Dr. Brad Baltz will begin practicing again on April 30
by Caleb Talley
Dr. Brad Baltz, once the highest paid nonprofit employee in the state of Arkansas, spoke out on Monday about his recent firing from CARTI of Little Rock. The oncologist alleges administrators at the cancer treatment facility have mismanaged funds, resulting in the dismissal of highly regarded employees in order to cut costs.
Baltz was let go by the institute in March. The cancer treatment facility has since eliminated 22 positions, five of which had not been occupied. Among those let go were CARTI’s longtime public relations coordinator, Rob Standridge, and vice president of business development, Rebecca Pearrow. After more than 12 years as president of the CARTI Foundation, Kathi Jones also plans to depart, announcing her retirement earlier this month.
According to Baltz, the cancer treatment facility and its relationship with its physicians has been strained for years. CARTI, he said, has not lived up to promises it made to the nonprofit’s doctors.
“It’s been a difficult and complicated relationship for the last five years,” said Baltz. “Unfortunately, in my opinion, CARTI did not keep their promises. The promise was that it’d be physician led and administration managed. Unfortunately, it was administration mismanaged to the tune of eight figures. When it all went wrong, it became the physicians’ fault. We were supposed to fix everything they broke.”
At CARTI, Baltz said it’s the “blind leading the not blind,” where he and other oncologists are guided by administrators that have little-to-no oncology experience.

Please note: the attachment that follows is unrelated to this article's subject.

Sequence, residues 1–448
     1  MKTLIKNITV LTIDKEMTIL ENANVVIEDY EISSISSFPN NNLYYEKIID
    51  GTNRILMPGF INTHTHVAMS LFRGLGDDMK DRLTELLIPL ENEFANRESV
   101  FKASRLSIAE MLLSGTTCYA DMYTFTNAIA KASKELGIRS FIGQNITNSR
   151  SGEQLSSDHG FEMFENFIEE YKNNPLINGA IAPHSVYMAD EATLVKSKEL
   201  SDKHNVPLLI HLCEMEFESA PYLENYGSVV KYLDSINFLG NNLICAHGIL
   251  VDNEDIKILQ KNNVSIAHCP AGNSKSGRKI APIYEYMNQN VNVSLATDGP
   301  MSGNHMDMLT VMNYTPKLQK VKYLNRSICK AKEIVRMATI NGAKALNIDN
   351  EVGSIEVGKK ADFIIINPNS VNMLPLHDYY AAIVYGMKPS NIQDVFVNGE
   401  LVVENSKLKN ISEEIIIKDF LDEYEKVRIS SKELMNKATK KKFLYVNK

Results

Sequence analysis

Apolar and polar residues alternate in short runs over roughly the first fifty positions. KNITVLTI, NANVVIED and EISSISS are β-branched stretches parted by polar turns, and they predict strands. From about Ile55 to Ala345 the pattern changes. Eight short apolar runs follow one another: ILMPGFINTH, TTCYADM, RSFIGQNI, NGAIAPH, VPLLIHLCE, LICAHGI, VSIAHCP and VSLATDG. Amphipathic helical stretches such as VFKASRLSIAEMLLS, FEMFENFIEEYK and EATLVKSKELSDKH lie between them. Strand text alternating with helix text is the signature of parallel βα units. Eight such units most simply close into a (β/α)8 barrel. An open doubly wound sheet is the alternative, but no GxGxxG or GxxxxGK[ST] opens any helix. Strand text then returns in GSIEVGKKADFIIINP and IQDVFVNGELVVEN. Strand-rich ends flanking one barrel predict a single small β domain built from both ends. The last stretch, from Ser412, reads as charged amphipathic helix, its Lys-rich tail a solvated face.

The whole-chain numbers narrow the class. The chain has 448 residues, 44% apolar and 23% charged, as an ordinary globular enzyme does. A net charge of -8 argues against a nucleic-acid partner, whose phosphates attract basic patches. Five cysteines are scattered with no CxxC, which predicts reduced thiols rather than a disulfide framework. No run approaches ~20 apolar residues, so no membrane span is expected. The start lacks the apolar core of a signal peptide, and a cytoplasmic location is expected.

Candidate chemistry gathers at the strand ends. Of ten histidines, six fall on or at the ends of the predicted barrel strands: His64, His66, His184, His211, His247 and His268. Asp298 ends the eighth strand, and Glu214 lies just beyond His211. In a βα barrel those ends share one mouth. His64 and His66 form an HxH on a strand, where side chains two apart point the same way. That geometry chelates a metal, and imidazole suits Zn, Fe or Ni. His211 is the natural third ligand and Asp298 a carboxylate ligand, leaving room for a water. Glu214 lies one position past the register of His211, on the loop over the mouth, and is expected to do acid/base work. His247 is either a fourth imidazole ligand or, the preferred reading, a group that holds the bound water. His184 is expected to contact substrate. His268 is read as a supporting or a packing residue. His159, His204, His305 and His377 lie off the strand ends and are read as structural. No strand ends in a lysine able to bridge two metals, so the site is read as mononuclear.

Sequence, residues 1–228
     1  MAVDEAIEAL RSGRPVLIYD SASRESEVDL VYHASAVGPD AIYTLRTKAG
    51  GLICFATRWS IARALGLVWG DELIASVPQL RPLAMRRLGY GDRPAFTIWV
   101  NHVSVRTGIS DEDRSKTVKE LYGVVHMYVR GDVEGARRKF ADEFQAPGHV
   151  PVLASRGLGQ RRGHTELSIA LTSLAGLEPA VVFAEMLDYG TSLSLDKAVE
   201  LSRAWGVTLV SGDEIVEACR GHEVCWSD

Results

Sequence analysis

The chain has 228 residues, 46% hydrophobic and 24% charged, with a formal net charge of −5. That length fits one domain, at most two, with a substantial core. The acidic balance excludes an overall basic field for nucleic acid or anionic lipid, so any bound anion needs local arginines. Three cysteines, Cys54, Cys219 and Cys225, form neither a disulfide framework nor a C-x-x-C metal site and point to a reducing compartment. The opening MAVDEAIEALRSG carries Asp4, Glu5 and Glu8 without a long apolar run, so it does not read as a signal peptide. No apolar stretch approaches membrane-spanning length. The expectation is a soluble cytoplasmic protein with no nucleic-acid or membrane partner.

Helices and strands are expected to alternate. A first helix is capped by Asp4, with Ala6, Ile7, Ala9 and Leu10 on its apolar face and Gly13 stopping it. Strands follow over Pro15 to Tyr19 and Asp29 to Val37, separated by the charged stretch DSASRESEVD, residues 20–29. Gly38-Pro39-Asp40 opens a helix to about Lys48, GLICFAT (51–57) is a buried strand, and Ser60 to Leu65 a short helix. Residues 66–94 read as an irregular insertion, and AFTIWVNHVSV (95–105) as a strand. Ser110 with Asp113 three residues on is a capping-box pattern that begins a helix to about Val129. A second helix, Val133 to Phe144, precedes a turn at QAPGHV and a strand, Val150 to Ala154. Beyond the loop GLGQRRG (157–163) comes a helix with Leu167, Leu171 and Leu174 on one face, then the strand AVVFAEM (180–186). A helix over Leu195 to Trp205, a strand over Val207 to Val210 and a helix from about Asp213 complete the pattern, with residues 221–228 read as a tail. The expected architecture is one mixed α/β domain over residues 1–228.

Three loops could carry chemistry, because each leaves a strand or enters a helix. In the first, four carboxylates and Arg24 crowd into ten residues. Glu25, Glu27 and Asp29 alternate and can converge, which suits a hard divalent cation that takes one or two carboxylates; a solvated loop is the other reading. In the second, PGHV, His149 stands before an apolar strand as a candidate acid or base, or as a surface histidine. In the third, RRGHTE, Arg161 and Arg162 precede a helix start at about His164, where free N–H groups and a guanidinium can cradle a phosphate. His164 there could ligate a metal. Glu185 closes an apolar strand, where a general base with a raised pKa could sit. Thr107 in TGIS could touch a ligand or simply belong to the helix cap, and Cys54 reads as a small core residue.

“Contrary to CARTI’s opinion, I have learned a thing or two about taking care of cancer patients and how to run an oncology business,” said Baltz. “It was just a major, major irreconcilable difference on how to manage the business. I think their financial statements show that they don’t know what they’re doing.”
As of fiscal year 2017, Baltz was paid $2.3 million, making him the highest-paid nonprofit employee in the state. Baltz said he took a 30-percent pay cut when he came on board at CARTI. The oncologist said CARTI’s financial woes are due, in large part, to its management.
“It all got very complicated last fall,” he said. “Mr. [Adam] Head was named chairman of the board. Unfortunately, he’s done nothing but bring in a bunch of his buddies to run the administration. It’s just been a total lack of success of what was presented to happen. It’s been a total lack of leadership from the administration. I can run my own practice. There’s no sense in me being told what to do by somebody that doesn’t know what they’re doing, when I already know how to run it.”